Rune Factory 5 just might have the worst auto-targeting system I have ever experienced. Truly awful, it is pretty unpredictable in not only which enemy it will target initially, but also which one it’ll shift to if you hit the right control stick. Will I target the monster in the center of my screen or the one closest to me? It’s honestly a crapshoot. I had rooms where I’d hit the auto-target button and it would lock onto a monster clear on the other side of the room with plenty of creatures standing between us. I only died a couple of times playing through the game–and Rune Factory 5 has a generous save system that’ll let you skirt death if you don’t mind restarting–but nearly all of those deaths can be attributed to the targeting system’s failure to focus on the appropriate enemy.
Equally as annoying in battle is what I’ll call the SEED savior system. For much of your adventure, your character is a member of SEED. The organization is responsible for investigating what’s happening with the rune energy as well as protecting Rigbarth from monster attacks. In the back corner of the Rigbarth SEED Outpost, a nondescript SEED officer stands at the ready. If you talk to them before you go exploring, they’ll agree to come aid you should you need their help. This means if you’re stricken with a status effect like sleep, they’ll pop in and restore you. They’ll also come to your aid if your health falls too low, and this is where I have a problem.
Because this SEED recruit has a lengthy recharge between rescues, I want to do my best to hold off the need for their aid until the situation is dire. However, they will pop in anytime my health falls below a certain point. And it’s not even a low point like I’m sitting there with only three health points remaining. I can still have a decent measure of HP left, but if it’s below this threshold, they’ll barge in. Not only is it annoying to lose this last-second save when I don’t need it, but the unpredictability of their arrival can actually throw me off my rhythm, leading to me taking some damage I probably wouldn’t have otherwise.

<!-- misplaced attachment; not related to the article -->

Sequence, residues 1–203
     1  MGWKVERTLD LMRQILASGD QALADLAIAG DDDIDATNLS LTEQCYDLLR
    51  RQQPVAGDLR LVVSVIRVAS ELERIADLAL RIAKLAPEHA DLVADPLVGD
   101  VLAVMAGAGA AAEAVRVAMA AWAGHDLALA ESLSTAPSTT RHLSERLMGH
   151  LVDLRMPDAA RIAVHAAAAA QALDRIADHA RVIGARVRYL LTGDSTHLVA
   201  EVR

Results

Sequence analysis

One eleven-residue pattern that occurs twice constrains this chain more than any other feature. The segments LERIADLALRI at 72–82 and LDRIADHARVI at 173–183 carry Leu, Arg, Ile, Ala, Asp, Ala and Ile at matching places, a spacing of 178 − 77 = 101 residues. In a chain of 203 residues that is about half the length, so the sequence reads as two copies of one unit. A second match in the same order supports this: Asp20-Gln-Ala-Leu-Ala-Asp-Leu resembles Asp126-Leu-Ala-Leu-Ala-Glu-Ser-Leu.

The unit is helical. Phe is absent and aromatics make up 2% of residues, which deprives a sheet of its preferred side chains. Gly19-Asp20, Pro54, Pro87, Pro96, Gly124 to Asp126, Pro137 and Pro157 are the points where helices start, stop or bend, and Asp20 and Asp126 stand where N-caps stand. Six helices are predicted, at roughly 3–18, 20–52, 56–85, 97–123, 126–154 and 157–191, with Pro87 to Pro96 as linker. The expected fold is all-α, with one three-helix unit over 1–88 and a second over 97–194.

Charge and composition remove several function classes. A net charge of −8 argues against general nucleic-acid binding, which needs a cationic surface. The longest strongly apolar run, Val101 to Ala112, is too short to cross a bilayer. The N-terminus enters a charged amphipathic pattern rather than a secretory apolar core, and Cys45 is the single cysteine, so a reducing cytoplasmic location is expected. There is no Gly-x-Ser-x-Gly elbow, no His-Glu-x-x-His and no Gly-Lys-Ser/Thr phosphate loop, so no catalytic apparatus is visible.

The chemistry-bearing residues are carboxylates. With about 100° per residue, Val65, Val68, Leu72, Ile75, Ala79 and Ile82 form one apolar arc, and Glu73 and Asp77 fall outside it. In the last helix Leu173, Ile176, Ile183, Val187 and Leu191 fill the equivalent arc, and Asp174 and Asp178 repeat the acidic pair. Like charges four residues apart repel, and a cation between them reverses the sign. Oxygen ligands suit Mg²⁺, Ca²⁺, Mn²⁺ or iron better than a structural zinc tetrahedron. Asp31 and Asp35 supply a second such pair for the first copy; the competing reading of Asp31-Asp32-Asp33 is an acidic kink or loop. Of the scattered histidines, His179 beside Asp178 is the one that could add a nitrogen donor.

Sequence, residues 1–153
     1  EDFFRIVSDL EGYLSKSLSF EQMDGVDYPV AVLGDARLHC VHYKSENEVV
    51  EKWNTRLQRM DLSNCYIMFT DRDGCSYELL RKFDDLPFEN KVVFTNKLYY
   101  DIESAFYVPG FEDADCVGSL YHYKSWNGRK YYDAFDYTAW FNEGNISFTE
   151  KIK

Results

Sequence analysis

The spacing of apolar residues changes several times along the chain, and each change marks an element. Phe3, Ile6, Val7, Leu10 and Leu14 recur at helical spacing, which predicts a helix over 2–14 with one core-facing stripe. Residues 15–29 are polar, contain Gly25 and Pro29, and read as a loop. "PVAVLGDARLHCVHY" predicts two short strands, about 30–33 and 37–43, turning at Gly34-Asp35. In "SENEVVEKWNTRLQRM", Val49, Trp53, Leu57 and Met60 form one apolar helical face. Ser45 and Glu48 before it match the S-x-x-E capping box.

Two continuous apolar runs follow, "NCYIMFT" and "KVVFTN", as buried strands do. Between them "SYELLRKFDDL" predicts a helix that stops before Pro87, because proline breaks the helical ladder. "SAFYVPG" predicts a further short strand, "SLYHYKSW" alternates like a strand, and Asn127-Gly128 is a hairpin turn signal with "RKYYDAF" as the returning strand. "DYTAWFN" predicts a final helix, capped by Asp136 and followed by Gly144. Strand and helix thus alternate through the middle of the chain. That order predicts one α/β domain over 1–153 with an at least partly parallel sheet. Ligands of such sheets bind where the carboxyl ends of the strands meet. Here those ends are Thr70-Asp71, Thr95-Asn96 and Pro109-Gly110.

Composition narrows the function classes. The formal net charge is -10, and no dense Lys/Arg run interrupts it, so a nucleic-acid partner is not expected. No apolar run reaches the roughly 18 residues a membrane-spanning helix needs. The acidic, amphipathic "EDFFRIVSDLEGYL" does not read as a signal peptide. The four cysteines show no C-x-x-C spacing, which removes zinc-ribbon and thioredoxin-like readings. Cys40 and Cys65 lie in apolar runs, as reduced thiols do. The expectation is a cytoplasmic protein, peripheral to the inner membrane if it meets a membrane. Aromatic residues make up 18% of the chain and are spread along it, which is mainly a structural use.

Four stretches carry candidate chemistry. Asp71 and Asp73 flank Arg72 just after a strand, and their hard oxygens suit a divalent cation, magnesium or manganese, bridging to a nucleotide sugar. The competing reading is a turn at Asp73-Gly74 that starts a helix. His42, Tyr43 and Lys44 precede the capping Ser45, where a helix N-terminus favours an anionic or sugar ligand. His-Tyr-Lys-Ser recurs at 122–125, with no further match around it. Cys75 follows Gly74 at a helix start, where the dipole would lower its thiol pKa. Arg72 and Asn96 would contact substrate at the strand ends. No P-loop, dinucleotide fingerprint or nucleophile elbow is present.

These two elements of combat can combine for a particularly frustrating experience, especially when playing on a harder difficulty level. But that’s pretty much the only way to see a consistent challenge from the game because most everything here doesn’t pose much of a threat. The dungeon bosses are big and bold, but there isn’t much variety between them. If you’ve recruited monsters or townsfolk to fight on your side, you can easily just let them do all the work while you lob spells at the beast from afar.
It’s actually kind of insane how much damage recruited monsters will do as they level up, and they can level up quite quickly. There is one dungeon in the game where I was joined by the first three monsters I captured. At the beginning of it, they barely posed a threat. By the end, they were doing more damage individually than I was with my strongest weapon. Inviting monsters and townsfolk along on your quest is obviously encouraged by the game’s design—and a central element in Rune Factory 5’s romantic ventures—but it pretty much breaks the combat, especially in those boss battles.
Because of this, as well as the repetitive nature of the dungeons and their far-too-simplistic puzzles, I didn’t really enjoy the combat half of this game. The hack ’n’ slash action works decently enough, but most battles just boiled down to me repeatedly dodging offscreen attacks and healing my companions as they took a brunt of the damage. Suffice to say, I had a better time with the farming sim half of the Rune Factory equation here, but even that side has its issues.
First and foremost, this is not really a pretty game. There is some interesting art direction, namely in the boss character designs and a few spots on the overworld map, but everything here looks a few generations old. There’s one corridor you’ll frequent on the northeast side of Rigbarth that honestly looks like it fell out of an early bargain bin Dreamcast game. The framerate never seems to hit a consistent 30 fps and will routinely take a dive every time you walk through a door. Elements in the world can take a long time to render in and it can sometimes feel as though the game is about to crash, but thankfully, that never happened with me. The worst error I ran into during my playthrough was when everyone in town started talking about a hurricane that was supposed to arrive tomorrow and it didn’t get there until two days later.
Rigbarth itself is pretty underwhelming. It feels as though the developers had a few ideas they wanted for this little burg but couldn’t figure out how to connect them in a natural way. The town is sparse and spread out with most of it remaining pretty dead for a good chunk of the calendar year. Special events and holidays will bring focus to certain parts of town, but these too are underwhelming. Artistically, most holidays don’t do anything more than paper the screen with confetti as the townsfolk stand around in a location outside their normal haunts for a dozen or so hours. Occasionally, you’ll have a mini-game or contest that’ll eat up about 30 seconds of your time. I was really disappointed when I reached my first Beach Day expecting some type of fun in the sun. Sadly, nobody was playing volleyball or surfing or any kind of activity that would require a unique animation. Instead, they just stood or sat around until the sun went down.